PARTNERS: Western Downs Regional Council mayor Paul McVeigh talks local procurement with Dalby's Brazier Trailers managing director Greg Rayner and previous owner and current landlord Allan Brazier.
PARTNERS: Western Downs Regional Council mayor Paul McVeigh talks local procurement with Dalby's Brazier Trailers managing director Greg Rayner and previous owner and current landlord Allan Brazier. WDRC

Focus on local business

THE Western Downs Regional Council is open for business with local companies.

That was the key message at the council's Regional Procurement Roadshow held in Dalby, Chinchilla and Miles this week.

The council detailed the work it had coming up in the next 12 months, as potential contractors in the audience took note of the impending opportunities.

Council CEO Ross Musgrove said in his speech the council would work wherever possible with a local company over bringing someone in externally, but explained sometimes the council's hands could be tied due to the size of the project or the equipment it required.

Council reported a $3.3million increase in total contracts and tenders handed to regional, which was positive news according to Mayor Paul McVeigh.

"That's really good news for local business and it puts our money where our mouth is in terms of buying local,” Cr McVeigh said.

"We are committed to buying local and hiring local wherever we can and the roadshow takes those business opportunities right to our local suppliers and contractors across the Western Downs.”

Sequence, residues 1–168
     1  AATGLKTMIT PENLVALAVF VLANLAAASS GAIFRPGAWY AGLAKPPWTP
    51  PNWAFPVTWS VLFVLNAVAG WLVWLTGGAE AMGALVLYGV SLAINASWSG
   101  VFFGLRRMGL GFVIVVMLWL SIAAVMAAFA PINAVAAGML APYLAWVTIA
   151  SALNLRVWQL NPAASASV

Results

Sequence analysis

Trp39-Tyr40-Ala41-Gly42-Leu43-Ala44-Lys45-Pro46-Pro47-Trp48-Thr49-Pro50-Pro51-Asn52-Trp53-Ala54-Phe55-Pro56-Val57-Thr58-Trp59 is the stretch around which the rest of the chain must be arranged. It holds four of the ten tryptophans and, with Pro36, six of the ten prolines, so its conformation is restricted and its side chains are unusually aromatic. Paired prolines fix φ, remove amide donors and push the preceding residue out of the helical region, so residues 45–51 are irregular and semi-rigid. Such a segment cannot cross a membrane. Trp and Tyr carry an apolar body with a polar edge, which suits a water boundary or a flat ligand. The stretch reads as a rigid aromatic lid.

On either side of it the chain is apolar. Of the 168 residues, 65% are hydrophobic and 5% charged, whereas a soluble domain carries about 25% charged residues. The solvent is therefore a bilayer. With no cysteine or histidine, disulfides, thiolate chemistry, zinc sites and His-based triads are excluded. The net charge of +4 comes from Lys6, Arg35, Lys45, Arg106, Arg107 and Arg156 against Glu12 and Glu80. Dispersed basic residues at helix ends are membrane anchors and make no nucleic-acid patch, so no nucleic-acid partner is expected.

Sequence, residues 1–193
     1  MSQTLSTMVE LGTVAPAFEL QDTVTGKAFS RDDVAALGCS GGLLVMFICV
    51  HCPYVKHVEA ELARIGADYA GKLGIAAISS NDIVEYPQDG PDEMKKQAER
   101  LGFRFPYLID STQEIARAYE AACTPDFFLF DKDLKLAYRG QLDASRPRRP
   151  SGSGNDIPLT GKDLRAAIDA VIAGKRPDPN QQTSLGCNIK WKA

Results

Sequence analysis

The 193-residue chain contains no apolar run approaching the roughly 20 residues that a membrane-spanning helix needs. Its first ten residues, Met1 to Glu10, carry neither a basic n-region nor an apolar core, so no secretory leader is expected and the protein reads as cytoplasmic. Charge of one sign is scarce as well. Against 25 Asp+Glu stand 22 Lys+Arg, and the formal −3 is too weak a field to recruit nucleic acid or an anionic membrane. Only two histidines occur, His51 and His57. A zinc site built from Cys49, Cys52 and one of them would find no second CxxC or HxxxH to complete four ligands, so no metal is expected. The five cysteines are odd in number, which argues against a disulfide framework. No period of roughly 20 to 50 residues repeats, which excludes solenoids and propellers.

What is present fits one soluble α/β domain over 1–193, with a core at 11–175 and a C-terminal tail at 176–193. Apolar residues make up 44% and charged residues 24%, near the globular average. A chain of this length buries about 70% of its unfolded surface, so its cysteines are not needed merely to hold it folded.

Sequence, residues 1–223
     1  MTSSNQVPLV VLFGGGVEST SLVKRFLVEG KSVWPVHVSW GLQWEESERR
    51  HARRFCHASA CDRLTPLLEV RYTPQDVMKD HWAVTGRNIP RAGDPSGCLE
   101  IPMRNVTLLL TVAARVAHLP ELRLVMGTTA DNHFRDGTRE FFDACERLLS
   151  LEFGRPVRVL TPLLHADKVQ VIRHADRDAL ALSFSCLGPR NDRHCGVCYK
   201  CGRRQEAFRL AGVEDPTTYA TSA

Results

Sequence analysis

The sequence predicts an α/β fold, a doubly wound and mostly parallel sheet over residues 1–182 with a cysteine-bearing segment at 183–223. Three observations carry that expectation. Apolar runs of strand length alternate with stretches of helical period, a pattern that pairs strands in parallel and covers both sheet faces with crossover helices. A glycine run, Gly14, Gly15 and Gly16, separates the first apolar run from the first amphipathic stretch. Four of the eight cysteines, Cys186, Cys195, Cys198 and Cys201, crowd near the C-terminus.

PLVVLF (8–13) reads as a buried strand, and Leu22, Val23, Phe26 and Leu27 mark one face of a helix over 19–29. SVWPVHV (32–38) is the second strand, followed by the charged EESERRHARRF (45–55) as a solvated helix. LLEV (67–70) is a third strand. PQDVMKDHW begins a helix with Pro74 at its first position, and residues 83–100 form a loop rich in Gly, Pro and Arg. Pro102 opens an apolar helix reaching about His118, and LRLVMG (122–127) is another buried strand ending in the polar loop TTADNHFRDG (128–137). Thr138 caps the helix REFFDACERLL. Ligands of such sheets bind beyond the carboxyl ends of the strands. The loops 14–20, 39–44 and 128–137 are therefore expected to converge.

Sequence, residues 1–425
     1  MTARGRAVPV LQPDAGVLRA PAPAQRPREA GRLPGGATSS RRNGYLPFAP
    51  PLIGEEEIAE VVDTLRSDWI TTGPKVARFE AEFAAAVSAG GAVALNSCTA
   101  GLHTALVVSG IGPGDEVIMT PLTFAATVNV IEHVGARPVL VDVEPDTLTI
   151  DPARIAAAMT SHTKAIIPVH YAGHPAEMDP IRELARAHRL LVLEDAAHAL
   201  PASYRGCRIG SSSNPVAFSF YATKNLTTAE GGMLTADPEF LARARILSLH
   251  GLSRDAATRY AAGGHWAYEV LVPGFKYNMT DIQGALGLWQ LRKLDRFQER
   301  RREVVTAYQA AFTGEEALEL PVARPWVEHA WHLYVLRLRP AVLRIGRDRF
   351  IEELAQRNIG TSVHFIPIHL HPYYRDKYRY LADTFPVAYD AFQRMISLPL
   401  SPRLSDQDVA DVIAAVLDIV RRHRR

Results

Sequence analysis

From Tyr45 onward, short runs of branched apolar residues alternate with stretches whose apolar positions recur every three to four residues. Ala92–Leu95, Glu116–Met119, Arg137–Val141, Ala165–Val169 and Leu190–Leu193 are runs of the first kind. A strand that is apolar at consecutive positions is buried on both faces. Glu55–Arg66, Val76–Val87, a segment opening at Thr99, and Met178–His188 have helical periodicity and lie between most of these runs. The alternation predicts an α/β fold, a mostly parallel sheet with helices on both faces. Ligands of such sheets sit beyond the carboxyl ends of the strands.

One business who has recently benefited from council's local push is Brazier Trailers.

The company was recently contracted to build a new side tipper trailer for the council.

"It's great because it keeps the money in town and it's a win-win for everybody,” managing director Greg Rayner said.

"It helps the local shops and other locals' livelihoods when money goes to a local business, because we spend that money locally it keeps the town going.

"I would encourage other businesses to look into options with council.”

Mr Rayner said the benefit of completing work in their own town was unifying for the local community.

"The benefit is that you're working together better as a town, there's more flow and better working relationships,” he said.

"Delivering a local project makes it easier for customer service and that face to face interaction is important.”

Council's chief procurement officer JP Delofski said the council had made it a top priority to contract out locally, and it was paying off.

"It's always been an important focus of council but we wanted to focus on initiatives that could enact that vision,” Mr Delofski said.

"We live here and work here along with everyone else in the community, and if you don't support your local businesses it means less opportunity for people.

"We made a conscious effort to get the officers who do the procurement in the room (at the roadshow), because business is about relationships.”


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